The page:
Last night I had a healthy debate on Facebook with the former chair of SPJ’s Ethics Committee, as well as a couple of other SPJ members, though they may be former members, now.
It all stemmed from an article in The New York Times about NBC News’ and ESPN’s recent interview with Janay Rice, the wife of NFL player Ray Rice. (In case you missed it, there is video of Ray Rice hitting his then fiance, now wife, Janay Rice, while they were in an elevator in a hotel in Las Vegas. Ray Rice was then let go from the Baltimore Ravens, and Roger Goddell, the NFL’s commissioner, suspended Ray Rice indefinitely from the NFL. An arbitrator ruled last week that Ray Rice be reinstated to the NFL, overturning.)
Kevin Smith, the former ethics chair, posted this on Facebook, with a link to the NYT story:
This is a disturbing trend that is greatly undermining the credibility of broadcast new — buying exclusive interviews and allowing sources to audition the outlets that will interview them.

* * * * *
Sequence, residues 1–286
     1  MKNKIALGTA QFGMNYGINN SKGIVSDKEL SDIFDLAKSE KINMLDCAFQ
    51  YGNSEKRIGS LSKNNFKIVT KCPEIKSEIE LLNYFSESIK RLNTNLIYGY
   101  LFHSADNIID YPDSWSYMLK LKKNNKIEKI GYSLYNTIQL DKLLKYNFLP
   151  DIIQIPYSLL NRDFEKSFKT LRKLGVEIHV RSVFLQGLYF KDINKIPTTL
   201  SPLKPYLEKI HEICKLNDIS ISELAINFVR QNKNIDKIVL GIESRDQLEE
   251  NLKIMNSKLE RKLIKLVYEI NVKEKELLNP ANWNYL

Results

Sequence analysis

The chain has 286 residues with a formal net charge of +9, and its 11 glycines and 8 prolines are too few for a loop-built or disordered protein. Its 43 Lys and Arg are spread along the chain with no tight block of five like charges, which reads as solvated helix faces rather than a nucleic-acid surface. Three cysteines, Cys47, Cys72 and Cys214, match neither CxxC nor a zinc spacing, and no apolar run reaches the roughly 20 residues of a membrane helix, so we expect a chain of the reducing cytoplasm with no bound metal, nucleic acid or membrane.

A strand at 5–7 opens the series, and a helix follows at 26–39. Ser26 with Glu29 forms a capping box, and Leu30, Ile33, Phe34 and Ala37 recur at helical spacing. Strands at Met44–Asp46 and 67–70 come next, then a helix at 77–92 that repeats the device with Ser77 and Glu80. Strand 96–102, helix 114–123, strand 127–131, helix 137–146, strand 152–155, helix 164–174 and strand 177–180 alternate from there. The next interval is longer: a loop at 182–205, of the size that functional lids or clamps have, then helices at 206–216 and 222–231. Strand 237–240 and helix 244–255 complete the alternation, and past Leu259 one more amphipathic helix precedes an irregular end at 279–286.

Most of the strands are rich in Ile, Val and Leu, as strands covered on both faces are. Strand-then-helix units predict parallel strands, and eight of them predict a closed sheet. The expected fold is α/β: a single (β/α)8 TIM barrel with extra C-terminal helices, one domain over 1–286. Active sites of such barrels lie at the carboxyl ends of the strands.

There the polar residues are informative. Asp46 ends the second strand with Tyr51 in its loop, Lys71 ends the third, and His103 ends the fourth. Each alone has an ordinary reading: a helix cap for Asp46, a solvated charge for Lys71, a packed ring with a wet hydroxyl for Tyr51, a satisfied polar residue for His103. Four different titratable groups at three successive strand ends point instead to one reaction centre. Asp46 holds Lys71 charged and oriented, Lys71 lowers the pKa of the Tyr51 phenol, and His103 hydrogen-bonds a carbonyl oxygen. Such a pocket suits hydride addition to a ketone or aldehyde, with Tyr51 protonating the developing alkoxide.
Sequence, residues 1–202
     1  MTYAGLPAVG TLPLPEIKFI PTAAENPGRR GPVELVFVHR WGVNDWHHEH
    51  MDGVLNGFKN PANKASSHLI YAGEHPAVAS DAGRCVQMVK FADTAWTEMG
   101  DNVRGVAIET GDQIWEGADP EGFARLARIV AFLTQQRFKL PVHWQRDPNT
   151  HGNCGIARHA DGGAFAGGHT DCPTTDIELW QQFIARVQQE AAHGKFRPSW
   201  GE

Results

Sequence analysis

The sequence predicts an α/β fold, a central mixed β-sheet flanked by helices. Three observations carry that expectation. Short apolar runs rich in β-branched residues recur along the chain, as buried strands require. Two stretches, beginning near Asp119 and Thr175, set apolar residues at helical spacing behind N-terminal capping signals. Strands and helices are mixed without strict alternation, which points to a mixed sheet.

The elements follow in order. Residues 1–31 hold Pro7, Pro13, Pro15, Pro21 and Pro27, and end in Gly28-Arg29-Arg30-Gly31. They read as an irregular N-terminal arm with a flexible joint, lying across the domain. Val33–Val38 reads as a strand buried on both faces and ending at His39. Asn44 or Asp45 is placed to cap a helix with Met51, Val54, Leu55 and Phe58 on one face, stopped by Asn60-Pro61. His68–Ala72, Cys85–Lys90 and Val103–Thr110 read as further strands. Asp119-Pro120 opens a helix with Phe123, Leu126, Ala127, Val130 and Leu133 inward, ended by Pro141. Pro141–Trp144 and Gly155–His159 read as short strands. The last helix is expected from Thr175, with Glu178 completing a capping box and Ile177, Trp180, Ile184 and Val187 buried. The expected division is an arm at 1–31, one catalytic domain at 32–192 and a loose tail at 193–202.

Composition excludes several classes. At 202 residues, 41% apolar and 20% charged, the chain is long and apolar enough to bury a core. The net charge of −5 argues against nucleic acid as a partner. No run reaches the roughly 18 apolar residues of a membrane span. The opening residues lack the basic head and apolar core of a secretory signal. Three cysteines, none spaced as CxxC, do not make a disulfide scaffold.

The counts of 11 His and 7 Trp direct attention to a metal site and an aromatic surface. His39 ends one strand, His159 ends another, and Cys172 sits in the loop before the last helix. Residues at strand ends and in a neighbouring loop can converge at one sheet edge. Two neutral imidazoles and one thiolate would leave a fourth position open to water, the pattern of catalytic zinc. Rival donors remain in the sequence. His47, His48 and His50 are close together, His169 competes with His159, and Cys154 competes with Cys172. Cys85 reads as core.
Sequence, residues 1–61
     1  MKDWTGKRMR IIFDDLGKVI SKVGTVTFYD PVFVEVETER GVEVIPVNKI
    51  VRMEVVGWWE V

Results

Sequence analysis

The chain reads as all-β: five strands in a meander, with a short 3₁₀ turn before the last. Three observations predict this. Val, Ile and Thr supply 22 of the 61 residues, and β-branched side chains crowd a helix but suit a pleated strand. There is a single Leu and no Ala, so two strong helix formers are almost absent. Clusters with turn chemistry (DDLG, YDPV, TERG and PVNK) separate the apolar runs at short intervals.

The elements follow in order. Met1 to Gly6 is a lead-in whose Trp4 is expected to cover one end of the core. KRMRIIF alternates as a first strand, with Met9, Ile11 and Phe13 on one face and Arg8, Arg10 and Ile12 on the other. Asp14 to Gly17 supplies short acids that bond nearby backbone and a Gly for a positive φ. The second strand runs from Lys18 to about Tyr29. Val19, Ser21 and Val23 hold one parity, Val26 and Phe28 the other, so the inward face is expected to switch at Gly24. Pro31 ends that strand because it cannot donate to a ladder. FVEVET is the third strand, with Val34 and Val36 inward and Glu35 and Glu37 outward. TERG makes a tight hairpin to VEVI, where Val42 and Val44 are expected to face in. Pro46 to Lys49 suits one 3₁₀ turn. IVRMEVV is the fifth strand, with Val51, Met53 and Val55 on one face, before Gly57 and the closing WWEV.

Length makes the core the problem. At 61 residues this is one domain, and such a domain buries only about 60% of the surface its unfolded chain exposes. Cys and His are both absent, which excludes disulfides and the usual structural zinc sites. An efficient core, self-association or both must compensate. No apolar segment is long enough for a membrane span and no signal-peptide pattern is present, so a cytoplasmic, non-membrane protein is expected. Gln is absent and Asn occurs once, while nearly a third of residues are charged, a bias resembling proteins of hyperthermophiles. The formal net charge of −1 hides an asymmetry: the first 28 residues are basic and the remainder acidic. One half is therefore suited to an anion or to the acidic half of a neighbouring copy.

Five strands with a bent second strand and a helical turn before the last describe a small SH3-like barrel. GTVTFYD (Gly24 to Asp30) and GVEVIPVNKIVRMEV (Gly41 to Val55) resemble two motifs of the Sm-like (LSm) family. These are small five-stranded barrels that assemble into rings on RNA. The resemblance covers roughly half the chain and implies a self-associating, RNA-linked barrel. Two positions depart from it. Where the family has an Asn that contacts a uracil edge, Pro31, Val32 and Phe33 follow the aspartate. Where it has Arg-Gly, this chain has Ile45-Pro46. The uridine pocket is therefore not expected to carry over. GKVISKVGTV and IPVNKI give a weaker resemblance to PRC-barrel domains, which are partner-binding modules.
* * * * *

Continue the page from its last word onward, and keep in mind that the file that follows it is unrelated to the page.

This isn’t about truth. It’s about spin and managing the message and the TV media is buying into it and putting millions in the pockets of these celebrity sources for the privilege of skewing the story.
The news has always been about competition and getting the exclusive interview, but today, network deep pockets and public relations managers are controlling news content and the public is expected to accept this as honest and fair reporting.
Ethical journalists need to rebel. Refuse to audition for a scripted interview that does nothing more than serve as a PR statement from the source. Stop paying for news. Period. How can the public place any trust in a story when they know a network paid hundred of thousands to the person for the “truth”?
The following is posted with permission from the commenters.